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Douglas Top: Good views from so-so top.

Straightforward ascent largely up forest tracks

Knockboy: Leap of faith.

Slievemore: Epic fail

Interesting top but very muddy in parts

Mullaghmeen: The lowest high point

Two Sugar Loaves

Illaunmore: A stroll along the beach

Roeillaun: Check tide for gentle stroll to island with extensive views

Beinn Bhrotain and Monadh Mor from Linn of Dee

Knockfune: Long walk to so-so summit.

Windy day escape from the Brockaghs.

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Midlands SW Area   Cen: Mauherslieve Subarea
Rating graphic.
Mauherslieve Mountain Motharshliabh A name in Irish (Ir. Motharshliabh [OSI], 'wilderness mountain') Tipperary County in Munster Province, in Arderin List, Greywacke, siltstone & grit Bedrock

Height: 543m OS 1:50k Mapsheet: 59 Grid Reference: R87323 61938
Place visited by 86 members. Recently by: Moirabourke, No1Grumbler, johncusack, westside, Krzysztof_K, Grumbler, Arcticaurora, Dee68, IrelandsEye, Ulsterpooka, mountainmike, Wilderness, JohnRea, sarahryanowen, LiamG1951
I have visited this place: NO (You need to be a logged-in member to change this.)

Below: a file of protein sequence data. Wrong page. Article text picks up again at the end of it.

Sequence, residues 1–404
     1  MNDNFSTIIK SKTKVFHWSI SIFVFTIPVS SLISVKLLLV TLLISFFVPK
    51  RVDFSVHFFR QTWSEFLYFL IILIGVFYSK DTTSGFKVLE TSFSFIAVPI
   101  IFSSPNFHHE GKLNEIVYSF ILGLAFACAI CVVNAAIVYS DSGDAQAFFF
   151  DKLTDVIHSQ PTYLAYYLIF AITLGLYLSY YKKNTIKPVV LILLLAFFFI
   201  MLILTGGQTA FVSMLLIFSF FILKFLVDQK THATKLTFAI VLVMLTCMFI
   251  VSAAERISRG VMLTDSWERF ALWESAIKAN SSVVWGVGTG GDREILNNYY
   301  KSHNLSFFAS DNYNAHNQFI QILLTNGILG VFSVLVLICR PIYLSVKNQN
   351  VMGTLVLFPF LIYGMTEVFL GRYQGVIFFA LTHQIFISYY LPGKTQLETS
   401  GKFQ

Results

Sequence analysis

Longitude: -8.188285, Latitude: 52.7088 , Easting: 187323, Northing: 161938 Prominence: 268m,  Isolation: 1.6km,   Has trig pillar
ITM: 587276 661981,   GPS IDs, 6 char: Mhrslv, 10 char: Mhrslv
Bedrock type: Greywacke, siltstone & grit, (Hollyford Formation)

Also referred to as Mother Mountain in some sources, though this seems to have no basis. Locally also called Moherclea or simply Moher. A pile of stones at the summit is called the Terrot. See Máire MacNeill, 'The Festival of Lughnasa' (pp. 214-15) for details of the festive assembly which took place on Mauherslieve at the end of June.   Mauherslieve is the second highest mountain in the Midlands SW area and the 437th highest in Ireland.

COMMENTS for Mauherslieve (Motharshliabh) 1 2 3 Next page >>  
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Views, prehistoric site surrounded by extreme bla .. by group   (Show all for Mauherslieve (Motharshliabh)) Picture about mountain Mauherslieve (<i>Motharshliabh</i>) in area Midlands SW, Ireland
Mother Mountain by The Lord SummerIsle Route
by No1Grumbler  6 Jun 2023